28 Independent Research Results
2007 National Association of School Psychologists “Graduate Student Research Award” Future of School Psychology priorities: Improving social-emotional functioning for all children Increasing child and family services in schools that promote health and mental health and are integrated with community services Enhancing family-school partnerships and parent involvement in schools

29 Throwing the baby out with the bathwater?

30 -Multi-finality: the concept that multiple long-term outcomes can occur among individuals with shared developmental contexts -concedes the idea of applying a “one-size-fits-all” approach to parenting interventions for low-income and ethnic minority families -Culturally diverse parents living in poverty may share many of the same environmental risk factors, but that does not mean they share the same parenting beliefs, skills, or behaviors. Nor does it determine the fit of an intervention developed primarily outside of their cultural contexts.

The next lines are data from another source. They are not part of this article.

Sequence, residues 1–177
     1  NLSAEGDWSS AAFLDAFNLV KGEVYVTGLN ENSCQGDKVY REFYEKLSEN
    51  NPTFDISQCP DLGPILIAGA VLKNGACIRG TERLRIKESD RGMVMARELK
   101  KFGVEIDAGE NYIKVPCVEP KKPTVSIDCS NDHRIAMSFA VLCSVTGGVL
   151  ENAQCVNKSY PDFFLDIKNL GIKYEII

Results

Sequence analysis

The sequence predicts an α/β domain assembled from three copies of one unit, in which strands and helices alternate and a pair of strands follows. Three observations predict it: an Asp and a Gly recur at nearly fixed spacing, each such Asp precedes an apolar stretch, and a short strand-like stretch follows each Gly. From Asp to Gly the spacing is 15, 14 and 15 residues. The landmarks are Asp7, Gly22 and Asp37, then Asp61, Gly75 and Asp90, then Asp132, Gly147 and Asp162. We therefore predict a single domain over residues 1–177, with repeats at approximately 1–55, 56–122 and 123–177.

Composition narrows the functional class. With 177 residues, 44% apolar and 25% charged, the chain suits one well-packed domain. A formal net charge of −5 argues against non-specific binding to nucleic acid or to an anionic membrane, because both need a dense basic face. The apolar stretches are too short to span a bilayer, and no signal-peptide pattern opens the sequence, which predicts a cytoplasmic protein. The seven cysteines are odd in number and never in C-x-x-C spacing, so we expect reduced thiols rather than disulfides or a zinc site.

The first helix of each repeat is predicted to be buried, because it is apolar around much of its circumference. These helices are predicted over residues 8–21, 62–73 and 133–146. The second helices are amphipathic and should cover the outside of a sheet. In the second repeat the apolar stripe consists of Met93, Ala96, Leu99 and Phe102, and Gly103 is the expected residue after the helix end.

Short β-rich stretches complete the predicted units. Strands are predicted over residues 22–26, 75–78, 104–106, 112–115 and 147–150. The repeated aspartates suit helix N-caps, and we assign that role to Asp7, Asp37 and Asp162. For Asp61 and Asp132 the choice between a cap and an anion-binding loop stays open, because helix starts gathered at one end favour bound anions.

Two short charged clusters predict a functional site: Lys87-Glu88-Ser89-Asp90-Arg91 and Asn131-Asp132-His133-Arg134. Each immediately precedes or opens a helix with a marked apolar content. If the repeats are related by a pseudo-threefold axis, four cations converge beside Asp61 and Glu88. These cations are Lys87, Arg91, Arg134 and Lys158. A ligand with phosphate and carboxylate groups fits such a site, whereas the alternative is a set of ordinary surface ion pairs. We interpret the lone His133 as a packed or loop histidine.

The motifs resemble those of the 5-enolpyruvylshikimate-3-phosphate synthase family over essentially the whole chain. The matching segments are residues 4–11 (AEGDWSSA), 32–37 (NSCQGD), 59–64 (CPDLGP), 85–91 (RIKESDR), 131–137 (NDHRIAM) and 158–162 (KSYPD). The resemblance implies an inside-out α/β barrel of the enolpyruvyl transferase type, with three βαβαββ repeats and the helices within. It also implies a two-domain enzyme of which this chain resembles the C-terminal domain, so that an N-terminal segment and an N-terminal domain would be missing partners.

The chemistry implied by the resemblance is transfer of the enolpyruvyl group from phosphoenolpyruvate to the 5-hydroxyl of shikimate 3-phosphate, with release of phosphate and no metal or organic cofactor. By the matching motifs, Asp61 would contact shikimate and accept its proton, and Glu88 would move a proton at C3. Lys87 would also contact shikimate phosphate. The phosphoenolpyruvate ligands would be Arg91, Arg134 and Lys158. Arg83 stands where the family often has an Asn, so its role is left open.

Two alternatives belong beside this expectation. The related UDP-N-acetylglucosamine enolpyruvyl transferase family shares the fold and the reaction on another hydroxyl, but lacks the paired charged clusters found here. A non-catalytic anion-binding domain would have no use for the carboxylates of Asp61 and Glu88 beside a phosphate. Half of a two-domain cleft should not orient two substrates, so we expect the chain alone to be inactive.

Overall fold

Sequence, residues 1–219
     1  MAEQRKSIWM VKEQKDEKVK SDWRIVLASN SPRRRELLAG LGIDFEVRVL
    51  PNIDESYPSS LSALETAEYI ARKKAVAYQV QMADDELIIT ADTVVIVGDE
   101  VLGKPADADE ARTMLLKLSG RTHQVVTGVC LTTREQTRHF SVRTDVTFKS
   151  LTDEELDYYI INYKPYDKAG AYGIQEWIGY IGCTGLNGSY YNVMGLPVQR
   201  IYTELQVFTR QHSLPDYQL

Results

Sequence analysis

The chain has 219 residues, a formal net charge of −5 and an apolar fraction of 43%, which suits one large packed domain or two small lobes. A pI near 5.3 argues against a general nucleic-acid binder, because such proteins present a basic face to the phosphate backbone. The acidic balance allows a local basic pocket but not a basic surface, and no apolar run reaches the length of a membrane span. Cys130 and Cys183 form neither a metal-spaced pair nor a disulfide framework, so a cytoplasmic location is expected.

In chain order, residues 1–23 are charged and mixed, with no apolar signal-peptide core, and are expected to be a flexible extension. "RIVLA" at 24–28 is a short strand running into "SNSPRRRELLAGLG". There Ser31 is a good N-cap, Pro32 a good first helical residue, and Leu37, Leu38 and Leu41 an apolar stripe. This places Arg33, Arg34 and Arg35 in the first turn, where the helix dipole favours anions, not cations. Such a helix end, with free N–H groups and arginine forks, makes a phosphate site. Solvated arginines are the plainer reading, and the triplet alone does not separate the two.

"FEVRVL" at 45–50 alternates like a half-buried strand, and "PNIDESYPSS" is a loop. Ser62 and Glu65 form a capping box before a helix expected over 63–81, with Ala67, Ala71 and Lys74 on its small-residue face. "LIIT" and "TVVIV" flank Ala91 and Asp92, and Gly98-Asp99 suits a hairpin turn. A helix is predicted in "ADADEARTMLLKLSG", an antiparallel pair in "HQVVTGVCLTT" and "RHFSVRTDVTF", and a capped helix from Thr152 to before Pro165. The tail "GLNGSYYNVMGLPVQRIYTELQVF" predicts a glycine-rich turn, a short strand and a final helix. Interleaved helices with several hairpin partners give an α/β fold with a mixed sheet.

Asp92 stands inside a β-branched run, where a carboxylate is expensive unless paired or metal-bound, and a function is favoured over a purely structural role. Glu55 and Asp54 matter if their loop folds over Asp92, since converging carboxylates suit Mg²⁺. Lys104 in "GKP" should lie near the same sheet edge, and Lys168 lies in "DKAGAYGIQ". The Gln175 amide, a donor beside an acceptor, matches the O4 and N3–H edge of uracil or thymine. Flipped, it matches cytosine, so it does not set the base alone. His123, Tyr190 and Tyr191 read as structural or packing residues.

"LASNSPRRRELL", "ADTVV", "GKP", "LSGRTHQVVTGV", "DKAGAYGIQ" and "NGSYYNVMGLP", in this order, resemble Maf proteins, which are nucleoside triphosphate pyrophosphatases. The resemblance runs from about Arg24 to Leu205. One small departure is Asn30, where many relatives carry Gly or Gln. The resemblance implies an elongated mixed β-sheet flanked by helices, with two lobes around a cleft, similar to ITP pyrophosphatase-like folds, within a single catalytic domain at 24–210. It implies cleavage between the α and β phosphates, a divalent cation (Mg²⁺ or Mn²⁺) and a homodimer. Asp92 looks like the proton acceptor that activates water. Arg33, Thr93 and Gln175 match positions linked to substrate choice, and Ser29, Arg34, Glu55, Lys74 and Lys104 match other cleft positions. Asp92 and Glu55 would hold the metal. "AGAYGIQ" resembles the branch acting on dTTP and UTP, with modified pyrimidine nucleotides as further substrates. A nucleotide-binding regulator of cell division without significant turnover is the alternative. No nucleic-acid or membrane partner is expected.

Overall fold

31 Future Interests Using marketing research to co-develop BPT programs
Better fit for the needs of a variety of diverse families Applying same marketing research to co-develop other existing, evidence-based “standard protocol” interventions Better fit the specific needs of diverse populations

32 Future Interests School-family-community partnerships
Research Institution Partnerships Universities / hospitals Additional funding avenues Advanced graduate practicum students in school psychology, pediatric psychology, clinical psychology, and clinical social work Other related resources

33 Future Interests School-family-community partnerships
School Partnerships School consultation School-Wide Positive Behavior Support Tier 1-3 Standard Protocol Interventions Response to Intervention and Instruction

34 Future Interests School-family-community partnerships